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4 Fitting a Second Genetic Factor
The genetic common factor model we introduced in Sections 10.3.3
and 10.3.2 may be extended to address more specific questions about
the data. In the arithmetic computation measures, for example, it is
reasonable to hypothesize two genetic factors: one general factor
contributing to all measurements of arithmetic computation, and a second
``alcohol'' factor which influences the measures taken after the challenge
dose of alcohol. The most parsimonious extension of our common factor
model may involve the addition of only 1 free parameter which represents
each of the factor loadings on the alcohol factor (that is, the alcohol
loadings may be equated for all alcohol measurements).
The Mx script corresponds very closely to that used in
section 10.3.2, using the X for the genetic common factors We
add the latent alcohol factors for twins 1 and 2 as a second column with
the following specification statement:
Specify X
1 0
2 5
3 5
4 5
The addition of the single parameter for all alcohol loadings reflects a
model having 13 parameters and
degrees of
freedom. We can, therefore, test the significance of the alcohol factor
by comparing the goodnessoffit chisquared value for this model with
that obtained from the model of Section 10.3.2 for a d.f.
test. Table 10.3.4 shows the results of the twofactor
multivariate genetic model.
Table 10.6:
Parameter estimates from the two genetic factors model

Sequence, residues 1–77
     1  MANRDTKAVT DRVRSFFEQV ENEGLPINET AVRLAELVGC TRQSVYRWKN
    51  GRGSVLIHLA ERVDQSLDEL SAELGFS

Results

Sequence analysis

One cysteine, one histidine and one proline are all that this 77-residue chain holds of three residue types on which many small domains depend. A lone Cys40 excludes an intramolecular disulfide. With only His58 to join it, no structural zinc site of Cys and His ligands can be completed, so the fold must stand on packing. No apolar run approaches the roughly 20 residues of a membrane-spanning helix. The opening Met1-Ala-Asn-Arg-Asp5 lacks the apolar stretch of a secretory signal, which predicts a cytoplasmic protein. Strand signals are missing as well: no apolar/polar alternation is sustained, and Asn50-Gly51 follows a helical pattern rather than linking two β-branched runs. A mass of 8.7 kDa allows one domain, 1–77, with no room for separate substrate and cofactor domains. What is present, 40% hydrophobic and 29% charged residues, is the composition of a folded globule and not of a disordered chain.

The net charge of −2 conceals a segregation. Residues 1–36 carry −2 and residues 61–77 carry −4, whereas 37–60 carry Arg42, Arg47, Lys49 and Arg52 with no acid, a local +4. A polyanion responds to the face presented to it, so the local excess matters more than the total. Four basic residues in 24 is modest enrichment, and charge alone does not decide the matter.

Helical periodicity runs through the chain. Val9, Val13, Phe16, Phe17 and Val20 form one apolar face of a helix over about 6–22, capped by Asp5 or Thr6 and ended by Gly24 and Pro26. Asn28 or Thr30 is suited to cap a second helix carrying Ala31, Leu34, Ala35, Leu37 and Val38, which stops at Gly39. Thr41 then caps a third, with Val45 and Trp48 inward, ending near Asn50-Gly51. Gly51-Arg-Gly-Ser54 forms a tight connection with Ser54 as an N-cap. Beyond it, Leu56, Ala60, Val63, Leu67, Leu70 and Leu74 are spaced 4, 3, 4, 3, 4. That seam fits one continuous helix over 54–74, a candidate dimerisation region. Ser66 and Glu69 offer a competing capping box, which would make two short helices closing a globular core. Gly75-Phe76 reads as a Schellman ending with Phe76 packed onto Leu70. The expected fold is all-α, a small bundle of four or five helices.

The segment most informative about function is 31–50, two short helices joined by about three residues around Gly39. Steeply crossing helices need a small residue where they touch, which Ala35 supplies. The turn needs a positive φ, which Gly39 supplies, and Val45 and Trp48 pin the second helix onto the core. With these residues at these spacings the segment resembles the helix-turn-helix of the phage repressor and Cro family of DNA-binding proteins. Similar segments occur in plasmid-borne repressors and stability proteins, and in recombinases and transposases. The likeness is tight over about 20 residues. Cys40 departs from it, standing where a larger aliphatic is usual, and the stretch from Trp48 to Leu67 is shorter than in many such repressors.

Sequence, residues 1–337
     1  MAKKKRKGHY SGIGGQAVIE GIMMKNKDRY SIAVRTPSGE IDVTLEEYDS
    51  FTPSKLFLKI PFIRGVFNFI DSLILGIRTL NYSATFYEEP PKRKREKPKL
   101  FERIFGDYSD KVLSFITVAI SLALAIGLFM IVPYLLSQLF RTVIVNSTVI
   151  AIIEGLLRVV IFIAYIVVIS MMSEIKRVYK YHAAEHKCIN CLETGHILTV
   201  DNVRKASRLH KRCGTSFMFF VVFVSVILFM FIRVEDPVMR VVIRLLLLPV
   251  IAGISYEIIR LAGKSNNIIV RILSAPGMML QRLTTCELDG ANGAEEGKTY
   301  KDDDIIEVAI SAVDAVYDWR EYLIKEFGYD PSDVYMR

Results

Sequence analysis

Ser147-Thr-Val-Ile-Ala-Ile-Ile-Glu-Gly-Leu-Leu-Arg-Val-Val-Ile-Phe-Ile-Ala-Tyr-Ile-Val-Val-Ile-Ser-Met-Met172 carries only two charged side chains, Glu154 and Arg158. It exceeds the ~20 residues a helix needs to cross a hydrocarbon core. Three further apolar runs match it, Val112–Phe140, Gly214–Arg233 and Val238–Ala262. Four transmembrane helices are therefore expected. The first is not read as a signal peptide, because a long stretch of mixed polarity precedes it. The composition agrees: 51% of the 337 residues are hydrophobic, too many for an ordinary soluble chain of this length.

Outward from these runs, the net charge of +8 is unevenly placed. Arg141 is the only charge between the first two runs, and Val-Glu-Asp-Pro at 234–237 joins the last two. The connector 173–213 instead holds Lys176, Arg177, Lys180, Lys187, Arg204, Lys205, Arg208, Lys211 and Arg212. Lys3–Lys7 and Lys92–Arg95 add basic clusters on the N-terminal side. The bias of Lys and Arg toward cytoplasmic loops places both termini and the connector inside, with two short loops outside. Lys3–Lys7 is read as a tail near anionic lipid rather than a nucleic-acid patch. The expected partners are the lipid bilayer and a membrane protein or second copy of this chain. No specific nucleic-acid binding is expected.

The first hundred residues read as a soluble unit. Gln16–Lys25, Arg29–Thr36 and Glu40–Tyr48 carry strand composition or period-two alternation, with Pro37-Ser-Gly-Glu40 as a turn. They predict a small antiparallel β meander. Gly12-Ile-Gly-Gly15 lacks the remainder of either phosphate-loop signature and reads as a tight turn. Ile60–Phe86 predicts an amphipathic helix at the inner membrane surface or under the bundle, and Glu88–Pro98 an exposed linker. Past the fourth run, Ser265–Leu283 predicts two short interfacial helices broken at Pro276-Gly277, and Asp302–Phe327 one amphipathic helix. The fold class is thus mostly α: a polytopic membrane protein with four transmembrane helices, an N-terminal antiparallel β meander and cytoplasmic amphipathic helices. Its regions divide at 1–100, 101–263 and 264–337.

Time 1 
15.067 
0.000 
4.408 
6.674 
Time 2 
13.701 
4.270 
6.091 
6.277 
Time 3 
13.518 
4.270 
6.800 
5.644 
Time 4 
13.832 
4.270 
5.695 
5.928 
, 59 df, p=.858 
The estimated genetic factor loading for the alcohol variables () is
reasonably large, but much smaller than the loadings on the general
genetic factor. This difference is more apparent when we consider
proportions of genetic variance accounted for by these two factors, being
or 9% for the alcohol factor, and
for the general genetic factor. The model yields a
( = .86), indicating a good fit to the data. The chisquared
test for the significance of the alcohol factor loadings is
, which is not quite significant at the .05 level. Thus, while the
hypothesis of there being genetic effects on the alcohol measures
additional to those influencing arithmetic skills fits the observed data
better, the increase in fit obtained by adding the alcohol factor does not
reach statistical significance.
Next: 4 Multiple Genetic Factor
Up: 3 Simple Genetic Factor
Previous: 3 Fitting the Multivariate
Index
Jeff Lessem
20020321